Mainstream’s head of technical services says that “everybody says to you when you start talking about these things: ‘it’s too expensive, surely that’s too expensive’.” Corbett has been focused on the economics of phase one. He and a colleague have run financial models on nine cases: from a small grid with high wind curtailment to a full supergrid with zero curtailment.
Based on a set of assumptions (e.g. a debt:equity ratio of 85:15, a ten year construction time and a life span of
40 years), Corbett predicts that the final cost could be “down to about
€0.02 per kilowatt hour” for the wholesale electricity user. “Ultimately the customer pays of course, but what the customer pays is only a very small bit,” he states. If the costs were included in the rate base, the supergrid’s first phase would cost consumers €0.23 per kilowatt hour, according to Corbett.
He cites the recent European offshore grid study (on building a grid in the North and Baltic seas) as supportive of his own conclusion. It found that the additional cost of creating a meshed offshore grid would be €0.01 per kilowatt hour.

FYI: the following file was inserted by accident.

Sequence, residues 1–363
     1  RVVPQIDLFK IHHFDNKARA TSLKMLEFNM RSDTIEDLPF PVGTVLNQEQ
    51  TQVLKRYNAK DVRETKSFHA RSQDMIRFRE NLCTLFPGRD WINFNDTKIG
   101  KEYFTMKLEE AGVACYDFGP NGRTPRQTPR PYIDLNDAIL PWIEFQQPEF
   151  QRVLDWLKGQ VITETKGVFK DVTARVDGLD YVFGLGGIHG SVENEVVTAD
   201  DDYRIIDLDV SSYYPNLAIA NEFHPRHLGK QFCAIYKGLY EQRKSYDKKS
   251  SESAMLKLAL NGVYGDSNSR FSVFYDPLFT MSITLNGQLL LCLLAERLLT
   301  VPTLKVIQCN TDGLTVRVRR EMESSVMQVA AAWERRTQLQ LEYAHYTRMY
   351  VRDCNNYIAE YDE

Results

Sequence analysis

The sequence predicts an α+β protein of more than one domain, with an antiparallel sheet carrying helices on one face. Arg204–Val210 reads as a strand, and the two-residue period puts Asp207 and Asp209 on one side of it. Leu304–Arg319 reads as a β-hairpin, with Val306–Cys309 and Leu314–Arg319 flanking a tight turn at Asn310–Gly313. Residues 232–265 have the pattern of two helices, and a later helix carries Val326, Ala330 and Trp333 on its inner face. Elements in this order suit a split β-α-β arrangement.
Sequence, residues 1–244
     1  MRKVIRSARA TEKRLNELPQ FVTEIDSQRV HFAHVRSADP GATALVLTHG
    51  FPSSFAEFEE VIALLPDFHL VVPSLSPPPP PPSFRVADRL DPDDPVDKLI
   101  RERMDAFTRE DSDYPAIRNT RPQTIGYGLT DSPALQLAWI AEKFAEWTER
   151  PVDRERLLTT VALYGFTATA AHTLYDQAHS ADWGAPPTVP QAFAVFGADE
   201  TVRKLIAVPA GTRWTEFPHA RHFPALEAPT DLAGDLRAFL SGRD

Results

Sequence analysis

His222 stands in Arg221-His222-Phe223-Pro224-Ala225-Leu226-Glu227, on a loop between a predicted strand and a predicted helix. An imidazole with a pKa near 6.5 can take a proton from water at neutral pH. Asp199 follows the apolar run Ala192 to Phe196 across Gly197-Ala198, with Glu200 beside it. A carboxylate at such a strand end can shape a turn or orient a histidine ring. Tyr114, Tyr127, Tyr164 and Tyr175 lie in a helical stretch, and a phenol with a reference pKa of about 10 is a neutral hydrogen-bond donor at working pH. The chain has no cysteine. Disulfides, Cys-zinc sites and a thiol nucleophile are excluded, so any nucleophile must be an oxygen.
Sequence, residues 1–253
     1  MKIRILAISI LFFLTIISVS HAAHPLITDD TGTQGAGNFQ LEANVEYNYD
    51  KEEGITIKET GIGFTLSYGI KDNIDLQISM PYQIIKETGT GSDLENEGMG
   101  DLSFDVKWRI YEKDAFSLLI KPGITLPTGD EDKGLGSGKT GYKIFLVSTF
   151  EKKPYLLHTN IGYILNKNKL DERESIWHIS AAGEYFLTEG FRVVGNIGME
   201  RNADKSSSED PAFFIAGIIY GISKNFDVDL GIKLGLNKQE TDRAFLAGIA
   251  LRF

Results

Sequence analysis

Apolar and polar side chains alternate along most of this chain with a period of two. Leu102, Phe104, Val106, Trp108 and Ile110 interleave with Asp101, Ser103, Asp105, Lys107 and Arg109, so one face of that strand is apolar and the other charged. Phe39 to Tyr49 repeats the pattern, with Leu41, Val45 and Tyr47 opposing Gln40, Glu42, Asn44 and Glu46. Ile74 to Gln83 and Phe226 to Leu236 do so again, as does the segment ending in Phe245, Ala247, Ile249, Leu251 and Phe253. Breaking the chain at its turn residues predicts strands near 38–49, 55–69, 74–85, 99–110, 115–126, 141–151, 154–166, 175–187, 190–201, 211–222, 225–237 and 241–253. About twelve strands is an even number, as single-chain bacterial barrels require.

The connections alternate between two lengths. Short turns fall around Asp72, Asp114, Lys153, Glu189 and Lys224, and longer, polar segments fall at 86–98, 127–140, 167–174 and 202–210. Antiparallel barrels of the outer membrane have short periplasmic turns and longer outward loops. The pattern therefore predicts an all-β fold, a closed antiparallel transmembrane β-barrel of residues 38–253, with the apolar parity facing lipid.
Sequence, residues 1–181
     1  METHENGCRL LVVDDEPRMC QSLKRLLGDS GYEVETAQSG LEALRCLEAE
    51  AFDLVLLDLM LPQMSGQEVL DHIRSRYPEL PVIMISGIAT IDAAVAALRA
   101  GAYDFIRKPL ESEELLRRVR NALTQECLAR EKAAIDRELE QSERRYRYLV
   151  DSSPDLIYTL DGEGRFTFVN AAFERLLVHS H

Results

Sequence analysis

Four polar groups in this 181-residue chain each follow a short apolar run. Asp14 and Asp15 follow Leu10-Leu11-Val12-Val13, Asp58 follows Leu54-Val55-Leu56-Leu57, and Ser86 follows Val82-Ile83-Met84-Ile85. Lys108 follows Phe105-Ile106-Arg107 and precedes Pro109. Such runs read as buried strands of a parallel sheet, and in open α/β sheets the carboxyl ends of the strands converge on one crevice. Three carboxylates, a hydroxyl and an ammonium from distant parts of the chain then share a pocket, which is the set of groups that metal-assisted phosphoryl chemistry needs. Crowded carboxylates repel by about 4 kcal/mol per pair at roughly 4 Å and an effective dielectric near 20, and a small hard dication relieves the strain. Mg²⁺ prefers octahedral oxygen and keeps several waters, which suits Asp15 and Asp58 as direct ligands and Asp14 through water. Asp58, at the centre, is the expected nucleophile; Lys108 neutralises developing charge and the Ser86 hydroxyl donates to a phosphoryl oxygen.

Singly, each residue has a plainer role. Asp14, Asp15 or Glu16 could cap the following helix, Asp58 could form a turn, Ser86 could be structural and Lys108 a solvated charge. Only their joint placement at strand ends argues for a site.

As wind capacity factor is low (approximately 44 per cent in the North Sea), “we increase capacity by letting other people use it for trading,” says Corbett of phase one. Without this provision, the transmission use of system (TUOS) charge rises. Even with 100 per cent capacity for offshore wind, the TUOS charge would be lower than that forecasted for CCGT-generated electricity on the system (€40 per MWh in 2015 and €47 per MWh in 2020 based on Pöyry forecasts in November 2011).
The power grid Corbett envisages is also “going to be a data centre.” Beneath the supergrid of “a high voltage DC network with big links, connecting renewable resources to big load centres” will be existing transmission systems, distribution systems and residential and retail networks.
“Each layer of that, in the future, will have controllers. Between each layer there will be certain data requirements, so whoever is controlling the supergrid has to somehow know what’s happening at ground level and know what’s happening at the generation side,” he says.